Skip to main content

Featured

the first

The yarmarka (farmer's market) is about to close. Some of the people are already packing up, offering their last bruised tomatoes at half-price to anyone walking past them.  I am wandering, staring at bunches of herbs, at the same old options - cabbage, pepper, potato, garlic, apple, cucumber. But then I see a pile of peas. The season must have come early this year. I buy a kilo, and some mint. I know what is for dinner. We have not had it in eleven months.

At home, I rip the bag open, showing them to V. She stands by the kitchen table, eyes wide. I crack one open, showing her the little rounds inside. She plucks one out, her pinky pointing to the ceiling.
"Try it." I tell her.
She does, but she does not like it.

I pull out a bowl for them. She jumps up and down a few times. V always wants to help in the kitchen. I pull her to my lap, and we begin pulling them out from the shells. She learns quickly, tossing them with a flourish into the bowl, a few cascading to the flo…

"None of us are Free"

That's Solomon Burke, singing in the dark in my studio.
And then he says "One of us are chained."

If one of us is chained, none of us are free.

It's more than a provocative thing to crow about, on a darker blues compilation I recently discovered. The world is getting very small. I share thoughts, perceptions and jokes with people thousands of miles away. My night is their morning, and we laugh as one. There is something really comforting about this. I may walk alone, pulling my scarf close to my throat on strange sidewalks - - but I am surrounded by people that care.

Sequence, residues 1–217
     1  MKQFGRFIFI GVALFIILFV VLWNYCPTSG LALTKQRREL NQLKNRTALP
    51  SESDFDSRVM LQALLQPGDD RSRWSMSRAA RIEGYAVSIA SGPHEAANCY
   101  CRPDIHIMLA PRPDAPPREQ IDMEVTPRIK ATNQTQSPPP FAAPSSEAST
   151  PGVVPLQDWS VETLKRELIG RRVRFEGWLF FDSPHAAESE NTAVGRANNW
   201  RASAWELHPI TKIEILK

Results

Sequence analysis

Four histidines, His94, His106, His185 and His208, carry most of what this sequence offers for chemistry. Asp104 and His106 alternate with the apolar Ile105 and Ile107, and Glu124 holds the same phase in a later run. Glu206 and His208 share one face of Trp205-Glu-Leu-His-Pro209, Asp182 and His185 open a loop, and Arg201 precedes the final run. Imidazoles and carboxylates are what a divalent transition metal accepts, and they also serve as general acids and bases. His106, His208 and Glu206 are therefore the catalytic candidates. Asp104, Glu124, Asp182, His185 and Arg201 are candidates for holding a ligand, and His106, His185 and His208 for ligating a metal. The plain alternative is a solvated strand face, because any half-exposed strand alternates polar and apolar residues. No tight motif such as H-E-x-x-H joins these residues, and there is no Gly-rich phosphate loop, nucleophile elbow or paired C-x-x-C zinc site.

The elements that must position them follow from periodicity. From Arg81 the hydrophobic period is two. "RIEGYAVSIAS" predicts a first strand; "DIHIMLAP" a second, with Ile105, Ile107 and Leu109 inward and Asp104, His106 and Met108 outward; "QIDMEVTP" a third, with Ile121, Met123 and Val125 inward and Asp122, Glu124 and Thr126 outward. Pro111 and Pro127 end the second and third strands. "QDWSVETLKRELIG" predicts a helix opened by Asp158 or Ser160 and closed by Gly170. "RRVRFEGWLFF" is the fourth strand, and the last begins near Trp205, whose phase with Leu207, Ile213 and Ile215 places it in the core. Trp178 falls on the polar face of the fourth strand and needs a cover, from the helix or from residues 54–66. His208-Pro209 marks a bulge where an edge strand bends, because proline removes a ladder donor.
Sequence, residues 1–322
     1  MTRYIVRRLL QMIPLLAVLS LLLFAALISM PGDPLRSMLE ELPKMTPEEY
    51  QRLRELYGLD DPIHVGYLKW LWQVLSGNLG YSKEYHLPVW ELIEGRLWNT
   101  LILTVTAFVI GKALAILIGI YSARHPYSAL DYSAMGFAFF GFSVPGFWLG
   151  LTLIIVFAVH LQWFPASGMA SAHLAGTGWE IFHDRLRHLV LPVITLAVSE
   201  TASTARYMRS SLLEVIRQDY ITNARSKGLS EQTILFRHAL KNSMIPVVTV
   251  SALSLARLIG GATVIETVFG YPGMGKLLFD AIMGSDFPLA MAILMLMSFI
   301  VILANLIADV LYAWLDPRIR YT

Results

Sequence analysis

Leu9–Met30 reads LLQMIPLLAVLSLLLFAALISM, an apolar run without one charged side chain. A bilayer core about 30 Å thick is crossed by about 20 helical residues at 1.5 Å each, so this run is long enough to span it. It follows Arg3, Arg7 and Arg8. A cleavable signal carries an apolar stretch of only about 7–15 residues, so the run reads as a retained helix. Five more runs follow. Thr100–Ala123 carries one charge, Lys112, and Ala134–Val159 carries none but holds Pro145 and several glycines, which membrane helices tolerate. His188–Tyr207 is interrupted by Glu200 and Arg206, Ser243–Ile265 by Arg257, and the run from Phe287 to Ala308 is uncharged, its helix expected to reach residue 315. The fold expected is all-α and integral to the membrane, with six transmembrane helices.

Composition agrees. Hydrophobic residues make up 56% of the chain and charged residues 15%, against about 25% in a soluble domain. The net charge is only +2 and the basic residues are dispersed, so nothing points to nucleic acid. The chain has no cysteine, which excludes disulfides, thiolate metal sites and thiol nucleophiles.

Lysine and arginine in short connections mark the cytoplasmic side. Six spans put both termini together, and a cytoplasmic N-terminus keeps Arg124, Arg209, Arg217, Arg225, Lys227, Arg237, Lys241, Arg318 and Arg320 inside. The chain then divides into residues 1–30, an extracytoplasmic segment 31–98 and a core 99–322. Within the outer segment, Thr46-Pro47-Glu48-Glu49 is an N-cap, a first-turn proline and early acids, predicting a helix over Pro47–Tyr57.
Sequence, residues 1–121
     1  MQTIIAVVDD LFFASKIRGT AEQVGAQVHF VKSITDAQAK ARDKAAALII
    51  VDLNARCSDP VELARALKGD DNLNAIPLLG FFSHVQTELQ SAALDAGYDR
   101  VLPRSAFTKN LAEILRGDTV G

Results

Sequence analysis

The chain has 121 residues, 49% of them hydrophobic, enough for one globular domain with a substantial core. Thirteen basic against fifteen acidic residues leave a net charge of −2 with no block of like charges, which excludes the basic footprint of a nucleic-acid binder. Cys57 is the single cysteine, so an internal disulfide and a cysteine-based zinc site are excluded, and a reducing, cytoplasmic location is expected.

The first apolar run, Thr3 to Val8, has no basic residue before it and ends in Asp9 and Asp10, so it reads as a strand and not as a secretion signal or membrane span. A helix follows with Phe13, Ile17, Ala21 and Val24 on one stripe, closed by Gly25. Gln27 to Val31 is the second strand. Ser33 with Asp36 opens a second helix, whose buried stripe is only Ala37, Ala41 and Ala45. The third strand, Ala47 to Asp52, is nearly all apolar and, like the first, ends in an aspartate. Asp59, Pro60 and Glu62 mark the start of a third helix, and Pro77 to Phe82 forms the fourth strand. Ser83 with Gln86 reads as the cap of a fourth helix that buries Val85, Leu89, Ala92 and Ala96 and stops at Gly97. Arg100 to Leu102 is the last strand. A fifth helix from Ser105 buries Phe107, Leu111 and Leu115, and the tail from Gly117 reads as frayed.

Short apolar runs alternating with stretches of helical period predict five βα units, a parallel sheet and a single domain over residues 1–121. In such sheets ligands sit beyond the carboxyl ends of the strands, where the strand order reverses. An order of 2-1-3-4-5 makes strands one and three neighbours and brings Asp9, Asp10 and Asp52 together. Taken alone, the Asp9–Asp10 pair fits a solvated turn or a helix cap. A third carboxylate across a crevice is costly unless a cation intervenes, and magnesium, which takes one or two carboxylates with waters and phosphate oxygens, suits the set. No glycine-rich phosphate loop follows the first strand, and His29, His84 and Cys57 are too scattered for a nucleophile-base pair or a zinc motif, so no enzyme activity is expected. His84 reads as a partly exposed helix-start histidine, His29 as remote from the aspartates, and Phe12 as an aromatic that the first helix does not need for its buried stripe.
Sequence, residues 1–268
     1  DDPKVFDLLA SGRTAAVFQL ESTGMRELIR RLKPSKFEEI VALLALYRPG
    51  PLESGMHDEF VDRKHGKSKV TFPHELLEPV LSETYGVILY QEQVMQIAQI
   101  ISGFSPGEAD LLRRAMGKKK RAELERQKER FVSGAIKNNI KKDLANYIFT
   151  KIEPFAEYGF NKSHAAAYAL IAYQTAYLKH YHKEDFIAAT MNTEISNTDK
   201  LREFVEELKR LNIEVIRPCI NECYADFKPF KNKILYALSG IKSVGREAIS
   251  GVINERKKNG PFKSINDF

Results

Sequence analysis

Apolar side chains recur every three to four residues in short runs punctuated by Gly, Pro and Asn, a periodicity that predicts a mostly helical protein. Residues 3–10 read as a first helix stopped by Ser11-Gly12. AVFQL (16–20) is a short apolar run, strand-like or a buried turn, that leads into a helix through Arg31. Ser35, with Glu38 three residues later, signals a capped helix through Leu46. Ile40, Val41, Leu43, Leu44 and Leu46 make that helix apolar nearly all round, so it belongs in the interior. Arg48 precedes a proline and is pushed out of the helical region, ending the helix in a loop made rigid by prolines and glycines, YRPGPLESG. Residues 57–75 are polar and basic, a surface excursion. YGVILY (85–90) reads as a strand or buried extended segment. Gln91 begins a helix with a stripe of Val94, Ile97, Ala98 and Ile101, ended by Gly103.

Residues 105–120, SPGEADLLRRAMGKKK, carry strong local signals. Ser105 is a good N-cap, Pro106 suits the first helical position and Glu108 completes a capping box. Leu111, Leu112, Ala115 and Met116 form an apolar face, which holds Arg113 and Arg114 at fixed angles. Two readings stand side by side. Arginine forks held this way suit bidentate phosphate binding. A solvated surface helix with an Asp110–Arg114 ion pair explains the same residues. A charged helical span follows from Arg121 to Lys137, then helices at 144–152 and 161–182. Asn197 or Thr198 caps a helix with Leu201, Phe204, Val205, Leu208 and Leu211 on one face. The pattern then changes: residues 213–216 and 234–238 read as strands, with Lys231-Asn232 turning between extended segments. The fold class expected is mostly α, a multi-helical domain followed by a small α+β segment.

I recently threw a golden ruble into the street. It had rested in my left pocket for almost eight years. It was supposed to bring me luck, and I protected it religiously. I did let anyone touch it. In truth, I do not think it brought me anything but heartache and false hope. One night a few weeks ago, I passed some street musicians and randomly decided to give them a handful of the lucky money from my left pocket. The sheepish, mumbling fellows dropped their guitars and chased me down the passageway to thank me and shake my hand. I suddenly realized the golden ruble was one of the coins I had given them. In a heartbeat, they had inspected the change and realized I had given them some gold. The dark haired one quickly gave me the coin back - -he knew it was a mistake. Of course, I felt relieved and went on my way.

It was later that very same night that I realized the coin was desperately trying to get away from me, and I had screwed up a beautiful escape plan. I promptly went out on the balcony and threw the golden coin into the darkness. It fell on some grass, or a clump of dirt. Not as poetic, but hopefully free.

Maybe someone will find it in the spring, I thought.

Comments

brenda said…
yeah, like me, maybe. Find it in the spring, i mean. i would so love to be there, m. i miss it. but you, you are my lifeline. Even in the very dark times.

Popular Posts

best personal blogs
best personal blogs